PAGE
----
Friday, January 22, 2016

The War on Coal Exists, but Miners Are the Targets

I suggest reading the whole article at the following link.

by Jeff Nesbit
Jan. 21, 2016

It turns out there is a war on coal. It's just not the one you've heard about.


Yes, it's true that every single one of the world's major coal companies are now either in bankruptcy or right there at the edge. But, as we've seen in other industries whose eras were drawing to a close, a very curious thing happens when a small handful of well-paid executives are pitted against thousands of low-wage workers in bankruptcy proceedings. The workers lose.

This is the real war on coal. And it is now playing out in byzantine bankruptcy court proceedings that virtually no one is covering – perhaps because it's easier to report on what coal executives are saying (and paying for in advertisements from corporate front groups in Washington) rather than the much harder work of discovering what they're actually doing.

As coal plants are shuttered in the face of efforts to clean up the air in major urban cities, and as market forces from natural gas companies exploit that shift, the truth has emerged. In every case, coal company executives are throwing thousands of coal workers under the bus to save their own salaries and bonuses.

The latest comes from a filing from the U.S. Trustee in the bankruptcy case for Alpha Natural Resources – a Virginia coal mining company that became one of the largest in the world after it acquired Massey Energy for $7.1 billion in 2011. Last year, after suffering four years of losses, Alpha laid off 4,000 workers and closed all but 50 mines. The company filed for bankruptcy protection in August more than $4 billion in debt.

The U.S. Trustee is a third party in the court proceedings whose job is to assess the impact of the bankruptcy on high-paid executives and low-wage workers alike. And, boy, did the Trustee weigh in on the Alpha case this week, the Casper Star-Tribune reported.

A secret list of 15 Alpha executives asked the bankruptcy court judge to allow them to give themselves nearly $12 million in salary bonuses for 2016 – while simultaneously denying about $3 million in benefits for more than a thousand retired, low-wage workers who need it for basic things like medical coverage and life insurance.

That didn't sit well with the U.S. Trustee.


According to Alpha, "these executives need these bonuses as an incentive to do the very jobs they were hired to do, that they are already highly compensated for with generous salaries, and which their fiduciary duties already compel them to do," it wrote.

What's more, Alpha's senior executives don't want their names to become public, even as medical and life insurance benefits for more than a thousand retired coal workers are denied.


Coal Executives Take Millions Before Bankruptcies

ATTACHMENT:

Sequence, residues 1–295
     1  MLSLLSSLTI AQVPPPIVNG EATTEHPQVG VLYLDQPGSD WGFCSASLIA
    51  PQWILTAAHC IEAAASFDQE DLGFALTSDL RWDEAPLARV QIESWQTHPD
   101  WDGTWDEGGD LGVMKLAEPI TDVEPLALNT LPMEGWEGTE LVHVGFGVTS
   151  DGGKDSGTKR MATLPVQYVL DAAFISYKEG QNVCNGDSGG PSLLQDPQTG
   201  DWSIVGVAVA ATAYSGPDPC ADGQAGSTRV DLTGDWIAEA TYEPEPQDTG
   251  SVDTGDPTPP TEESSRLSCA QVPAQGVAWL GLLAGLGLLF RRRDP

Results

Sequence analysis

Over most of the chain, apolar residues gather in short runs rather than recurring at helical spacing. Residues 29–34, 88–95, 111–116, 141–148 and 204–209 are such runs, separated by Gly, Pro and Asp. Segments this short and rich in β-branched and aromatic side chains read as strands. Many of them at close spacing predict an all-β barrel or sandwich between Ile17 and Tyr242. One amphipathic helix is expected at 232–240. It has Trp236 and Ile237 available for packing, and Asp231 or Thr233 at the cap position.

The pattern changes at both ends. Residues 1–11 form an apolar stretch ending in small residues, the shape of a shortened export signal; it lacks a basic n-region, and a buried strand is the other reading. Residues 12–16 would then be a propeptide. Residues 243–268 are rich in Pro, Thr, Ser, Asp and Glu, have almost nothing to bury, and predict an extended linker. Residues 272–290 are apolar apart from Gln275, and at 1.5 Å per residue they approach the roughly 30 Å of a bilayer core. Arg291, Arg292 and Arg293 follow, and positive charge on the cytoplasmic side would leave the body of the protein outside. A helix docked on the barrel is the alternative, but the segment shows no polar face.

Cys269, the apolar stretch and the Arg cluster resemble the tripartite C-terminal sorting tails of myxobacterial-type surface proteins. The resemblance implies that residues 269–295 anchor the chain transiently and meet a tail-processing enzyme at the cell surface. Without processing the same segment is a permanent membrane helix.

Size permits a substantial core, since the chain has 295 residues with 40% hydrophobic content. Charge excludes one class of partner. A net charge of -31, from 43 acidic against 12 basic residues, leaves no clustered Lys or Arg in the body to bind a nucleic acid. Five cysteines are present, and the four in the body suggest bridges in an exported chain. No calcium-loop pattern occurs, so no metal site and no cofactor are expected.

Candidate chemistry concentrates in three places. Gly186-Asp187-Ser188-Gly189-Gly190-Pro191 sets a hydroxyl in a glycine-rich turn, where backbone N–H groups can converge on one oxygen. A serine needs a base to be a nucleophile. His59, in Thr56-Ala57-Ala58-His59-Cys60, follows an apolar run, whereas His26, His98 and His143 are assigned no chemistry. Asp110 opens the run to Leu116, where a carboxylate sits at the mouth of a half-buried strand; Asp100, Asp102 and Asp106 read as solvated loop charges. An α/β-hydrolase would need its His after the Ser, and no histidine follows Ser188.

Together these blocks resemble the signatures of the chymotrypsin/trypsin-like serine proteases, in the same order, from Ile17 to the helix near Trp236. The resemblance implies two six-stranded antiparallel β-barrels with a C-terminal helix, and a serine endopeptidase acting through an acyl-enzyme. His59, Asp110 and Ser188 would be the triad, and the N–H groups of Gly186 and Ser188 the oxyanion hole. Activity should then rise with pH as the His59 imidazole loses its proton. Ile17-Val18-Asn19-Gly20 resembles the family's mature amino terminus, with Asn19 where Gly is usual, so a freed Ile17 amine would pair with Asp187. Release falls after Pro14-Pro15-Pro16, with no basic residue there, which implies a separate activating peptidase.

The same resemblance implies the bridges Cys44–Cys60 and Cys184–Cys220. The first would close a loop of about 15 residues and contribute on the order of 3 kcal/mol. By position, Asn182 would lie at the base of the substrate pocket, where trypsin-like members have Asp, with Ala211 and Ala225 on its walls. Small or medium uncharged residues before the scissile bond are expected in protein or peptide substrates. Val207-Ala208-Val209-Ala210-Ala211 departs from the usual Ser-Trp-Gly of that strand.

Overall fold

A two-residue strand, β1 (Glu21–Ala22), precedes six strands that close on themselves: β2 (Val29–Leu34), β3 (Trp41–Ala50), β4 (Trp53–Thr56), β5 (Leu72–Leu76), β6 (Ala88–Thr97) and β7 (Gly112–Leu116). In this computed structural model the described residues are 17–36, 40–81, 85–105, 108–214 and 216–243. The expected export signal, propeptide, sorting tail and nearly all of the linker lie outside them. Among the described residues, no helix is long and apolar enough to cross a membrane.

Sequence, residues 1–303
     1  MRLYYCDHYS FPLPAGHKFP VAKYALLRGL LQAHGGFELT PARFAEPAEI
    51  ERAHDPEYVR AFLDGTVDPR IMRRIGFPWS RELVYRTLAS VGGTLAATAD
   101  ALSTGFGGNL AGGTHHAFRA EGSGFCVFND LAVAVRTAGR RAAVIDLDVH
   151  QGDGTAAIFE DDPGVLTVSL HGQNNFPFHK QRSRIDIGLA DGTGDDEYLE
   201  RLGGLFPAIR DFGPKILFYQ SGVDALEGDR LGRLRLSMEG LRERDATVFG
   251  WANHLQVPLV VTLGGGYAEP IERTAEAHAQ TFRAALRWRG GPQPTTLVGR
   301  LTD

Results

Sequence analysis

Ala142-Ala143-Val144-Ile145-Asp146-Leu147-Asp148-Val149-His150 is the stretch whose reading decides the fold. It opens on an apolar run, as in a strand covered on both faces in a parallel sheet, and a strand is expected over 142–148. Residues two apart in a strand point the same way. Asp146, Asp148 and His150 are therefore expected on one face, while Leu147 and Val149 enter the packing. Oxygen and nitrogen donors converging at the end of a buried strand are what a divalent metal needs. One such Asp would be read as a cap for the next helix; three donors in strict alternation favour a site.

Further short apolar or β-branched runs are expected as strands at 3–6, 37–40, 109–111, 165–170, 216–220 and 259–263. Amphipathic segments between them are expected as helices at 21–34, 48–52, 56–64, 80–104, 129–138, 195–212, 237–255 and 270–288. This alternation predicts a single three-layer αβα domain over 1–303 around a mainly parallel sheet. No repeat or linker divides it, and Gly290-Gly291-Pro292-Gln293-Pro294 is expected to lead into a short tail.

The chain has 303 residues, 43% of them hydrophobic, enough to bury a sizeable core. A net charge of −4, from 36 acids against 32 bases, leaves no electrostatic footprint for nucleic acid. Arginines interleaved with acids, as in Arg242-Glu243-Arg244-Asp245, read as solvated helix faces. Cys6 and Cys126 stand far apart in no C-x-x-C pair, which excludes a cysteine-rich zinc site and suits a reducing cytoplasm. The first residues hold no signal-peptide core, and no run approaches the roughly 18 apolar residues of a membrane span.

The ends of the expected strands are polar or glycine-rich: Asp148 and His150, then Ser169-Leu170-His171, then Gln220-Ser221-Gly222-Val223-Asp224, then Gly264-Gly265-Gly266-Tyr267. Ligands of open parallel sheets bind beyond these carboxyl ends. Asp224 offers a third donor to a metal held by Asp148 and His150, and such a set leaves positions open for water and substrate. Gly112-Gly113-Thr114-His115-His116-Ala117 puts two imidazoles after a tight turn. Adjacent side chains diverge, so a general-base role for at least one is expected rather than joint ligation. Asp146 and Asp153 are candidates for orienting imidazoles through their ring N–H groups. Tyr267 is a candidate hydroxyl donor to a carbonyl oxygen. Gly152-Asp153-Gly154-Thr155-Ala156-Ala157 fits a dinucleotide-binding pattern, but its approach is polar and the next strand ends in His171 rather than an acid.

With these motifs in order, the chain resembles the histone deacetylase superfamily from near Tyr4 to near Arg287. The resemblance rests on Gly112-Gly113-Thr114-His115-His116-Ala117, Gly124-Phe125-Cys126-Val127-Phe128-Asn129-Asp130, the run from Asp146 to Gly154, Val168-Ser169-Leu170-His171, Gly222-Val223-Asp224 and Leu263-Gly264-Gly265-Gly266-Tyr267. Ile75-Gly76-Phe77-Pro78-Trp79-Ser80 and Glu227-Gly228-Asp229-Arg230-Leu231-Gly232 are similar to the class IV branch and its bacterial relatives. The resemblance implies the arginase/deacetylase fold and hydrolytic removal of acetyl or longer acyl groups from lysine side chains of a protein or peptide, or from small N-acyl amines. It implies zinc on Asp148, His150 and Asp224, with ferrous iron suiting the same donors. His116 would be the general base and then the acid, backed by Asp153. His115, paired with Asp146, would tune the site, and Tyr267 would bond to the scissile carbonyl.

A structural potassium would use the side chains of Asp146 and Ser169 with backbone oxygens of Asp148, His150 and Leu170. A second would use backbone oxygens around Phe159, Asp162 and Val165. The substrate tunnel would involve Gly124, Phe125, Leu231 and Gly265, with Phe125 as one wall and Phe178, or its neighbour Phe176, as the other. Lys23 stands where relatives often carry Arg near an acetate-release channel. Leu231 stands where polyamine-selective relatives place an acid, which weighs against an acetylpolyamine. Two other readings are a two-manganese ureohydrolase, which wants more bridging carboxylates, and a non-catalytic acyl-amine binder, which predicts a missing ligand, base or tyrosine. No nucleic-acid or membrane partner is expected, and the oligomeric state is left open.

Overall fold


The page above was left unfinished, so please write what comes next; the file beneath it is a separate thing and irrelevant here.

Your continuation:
Dec. 16, 2015


Kevin S. Crutchfield, “Chairman and Chief Executive Officer” of Alpha, just picked up a $2,000,000.00 bonus this spring, as he led the company into bankruptcy. While Alpha’s stock has plunged over the last several years, he picked up over $6,000,000.00 in cash payouts in 2011 and 2012.

“President” Paul Vining walked away with almost $8,000,000.00 for just two years of work as these executives marched Alpha off a cliff. Vining then got away while the getting was good. As “Former President,” he still gets $4,500,000.00!

Peabody Energy, another company on the verge of bankruptcy, thought its corporate leadership so effective it awarded top suit Gregory Boyce well over $10,000,000.00 in 2014. The “President and Chief Operating Officer” got about $5,500,000.00.

Arch Coal was doing so well it rewarded the boss with a $7,300,000.00 payday in 2014. He got paid this stupendous sum while the company lost almost half a billion dollars — “Arch reported a loss of $558.4 million in 2014. In 2014, Arch common stock fell almost 62% and was recently trading at about $1.24 per share” — Imagine what he’d have got if it made money!


Don’t forget Consol, which hands over at least $8,300,000.00 annually to Rich DiIuliis. Remember that number as these guys go to the public talking about the “tough times” for coal.


Lesser-known Cloud Peak Coal pays a raft of executives million dollar salaries, but the top two rake in over $4,000,000.00 per year and for the big man at the head of the table, there is somehow $10,000,000.00 available to “invest” in his services. All of this while miners for CPC get laid off and left out of the financial bonanza reaped by the corporate big-wigs.

All of this occurred despite the key factors in coal’s decline being business factors and things people could see coming miles and miles away. If it doesn’t make sense for these savvy businessmen to have borrowed so much and spent so much in what everyone knew was a tough environment for coal, you’re not thinking about it right. The point was never to save the companies — it was to jack up their paychecks and make sure they cleared a bundle before the inevitable crash.


Oh, and even though the companies are “bankrupt,” they’ve got plenty of money left over to influence politics.

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